Treasury Department

March 07, 2022

Timi Iwayemi

Blog Post

cryptocurrencyForeign PolicyTreasury Department

Obscure Agency Must Deny Russian Oligarchs Possible Crypto Sanction Evasion Tool

While it is unlikely that an economy as large as Russia’s can be rerouted through present crypto infrastructure, there remains opportunity for targeted individuals and entities to leverage the industry’s weak compliance mechanisms to move some of their assets. The Treasury Department’s Office of Foreign Asset Control (OFAC) and Financial Crimes Enforcement Network (FINCEN), in conjunction with the White House’s National Security Council, need to ensure this does not happen. 

November 17, 2021

Eleanor Eagan

Newsletter

ClimateDepartment of JusticeExecutive BranchFederal ReserveIndependent AgenciesTreasury Department

After Infrastructure Week

Congressional selfies and self-congratulations inaugurated the week, but a lot of hard work remains to translate the Infrastructure Investment and Jobs Act’s (IIJA) policies into real-life results. Given that those policies are (generously) middling and that the most promising ones are underfunded, turning these into winning programs will demand energy, creativity, competence, and a strong commitment to the public interest.

October 26, 2021

Dorothy Slater

Blog Post

ClimateExecutive BranchFederal ReserveFinancial RegulationTreasury Department

Yellen Is Empowering Powell and Selling Out the Climate

It is very possible that President Biden will show up empty-handed to COP26 in Glasgow next week. And that isn’t just because of the apocalyptic vanity of two Senators from Arizona and West Virginia. Many executive-led policies that are just a matter of political will have not been done, and some of those which have are pure paper tigers. Biden’s administration failed last week to take advantage of a lesser known, but extremely meaningful climate action opportunity. The Financial Stability Oversight Council (FSOC) released its long-awaited report on climate-related financial risk, which the President personally ordered months ago. And it was a complete flop. 

July 08, 2021

Press Release

BigLawClimateFinancial RegulationRevolving DoorTreasury Department

Biden Must Withdraw ExxonMobil- And Wall Street-Linked Nominee, 23 Groups Say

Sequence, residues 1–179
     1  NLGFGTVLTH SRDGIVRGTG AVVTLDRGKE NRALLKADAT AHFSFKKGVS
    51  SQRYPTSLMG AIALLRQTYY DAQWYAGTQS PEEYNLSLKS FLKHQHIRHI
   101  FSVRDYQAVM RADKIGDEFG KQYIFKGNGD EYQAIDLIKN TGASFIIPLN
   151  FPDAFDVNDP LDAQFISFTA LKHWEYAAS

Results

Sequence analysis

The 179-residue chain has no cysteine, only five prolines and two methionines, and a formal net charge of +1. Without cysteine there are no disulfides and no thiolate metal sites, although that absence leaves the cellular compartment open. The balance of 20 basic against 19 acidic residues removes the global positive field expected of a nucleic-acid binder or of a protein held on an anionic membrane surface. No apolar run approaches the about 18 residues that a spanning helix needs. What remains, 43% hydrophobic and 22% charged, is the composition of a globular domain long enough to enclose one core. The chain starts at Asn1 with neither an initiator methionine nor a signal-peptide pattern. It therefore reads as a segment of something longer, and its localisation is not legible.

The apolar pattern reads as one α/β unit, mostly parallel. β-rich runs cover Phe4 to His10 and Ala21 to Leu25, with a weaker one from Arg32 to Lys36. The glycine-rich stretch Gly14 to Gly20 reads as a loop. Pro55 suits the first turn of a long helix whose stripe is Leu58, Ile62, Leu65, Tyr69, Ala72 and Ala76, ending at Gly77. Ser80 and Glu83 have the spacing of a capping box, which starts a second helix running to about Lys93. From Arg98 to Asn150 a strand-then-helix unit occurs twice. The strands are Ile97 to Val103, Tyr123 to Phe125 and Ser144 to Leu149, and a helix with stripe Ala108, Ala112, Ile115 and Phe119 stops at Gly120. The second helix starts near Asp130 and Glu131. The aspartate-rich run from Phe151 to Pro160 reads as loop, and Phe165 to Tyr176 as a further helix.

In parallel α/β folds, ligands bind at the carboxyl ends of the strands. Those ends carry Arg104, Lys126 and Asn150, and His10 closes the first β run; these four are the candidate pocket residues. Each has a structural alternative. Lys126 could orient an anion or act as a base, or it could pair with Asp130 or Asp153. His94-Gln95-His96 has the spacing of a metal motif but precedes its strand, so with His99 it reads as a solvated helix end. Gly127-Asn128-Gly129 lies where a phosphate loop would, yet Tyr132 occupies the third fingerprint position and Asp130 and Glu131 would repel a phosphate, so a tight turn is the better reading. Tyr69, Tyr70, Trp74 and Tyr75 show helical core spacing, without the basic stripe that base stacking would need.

“As a private corporate attorney, MacBride defended fossil fuel companies, Wall Street giants, Big Tech monopolies, and a myriad of other corporate industries,” the groups wrote. “His past work fighting vigorously and successfully on behalf of corporations against the public interest disqualifies him from a role in the administration.”

April 22, 2021

Elias Alsbergas

Blog Post

Ethics in GovernmentExecutive BranchFinancial RegulationTreasury Department

Delaware Connections Run Deep As DuPont Family's Darla Pomeroy Heads To Treasury

Darla Pomeroy, who is married to an heir to the DuPont family fortune, was just named Senior Advisor to the Office of Domestic Finance at the US Treasury. While her record does not show any familiarity with financial regulatory policy, it reveals instead a history of a powerful corporation highly influential in Delaware placing a close ally in the administration.

April 08, 2021

Vishal Shankar

Blog Post

CabinetDepartment of JusticeEthics in GovernmentExecutive BranchRevolving DoorRight-Wing MediaTreasury Department

Biden Cabinet Confirmations Show Continued Political Potency Of Revolving Door Critiques

The prolonged confirmation fights for top Biden nominees proved one thing: Republicans will gleefully and cynically exploit anti-corruption critiques of Biden’s Cabinet for their own political purposes. The President must deny them this potent political weapon by closing corporate America’s revolving door for good.

March 23, 2021

Vishal Shankar

Blog Post

ClimateExecutive BranchForeign PolicyRevolving DoorTreasury Department

Revolver Spotlight: Elizabeth Rosenberg

Elizabeth Rosenberg, a lesser-known Obama-era official, is being considered to lead the Treasury Department’s Terrorism and Financial Intelligence unit. Her record designing painful economic sanctions, supporting fossil fuel industry-friendly policies, and helping powerful corporations gain close access to the highest levels of government is cause for alarm, writes Vishal Shankar.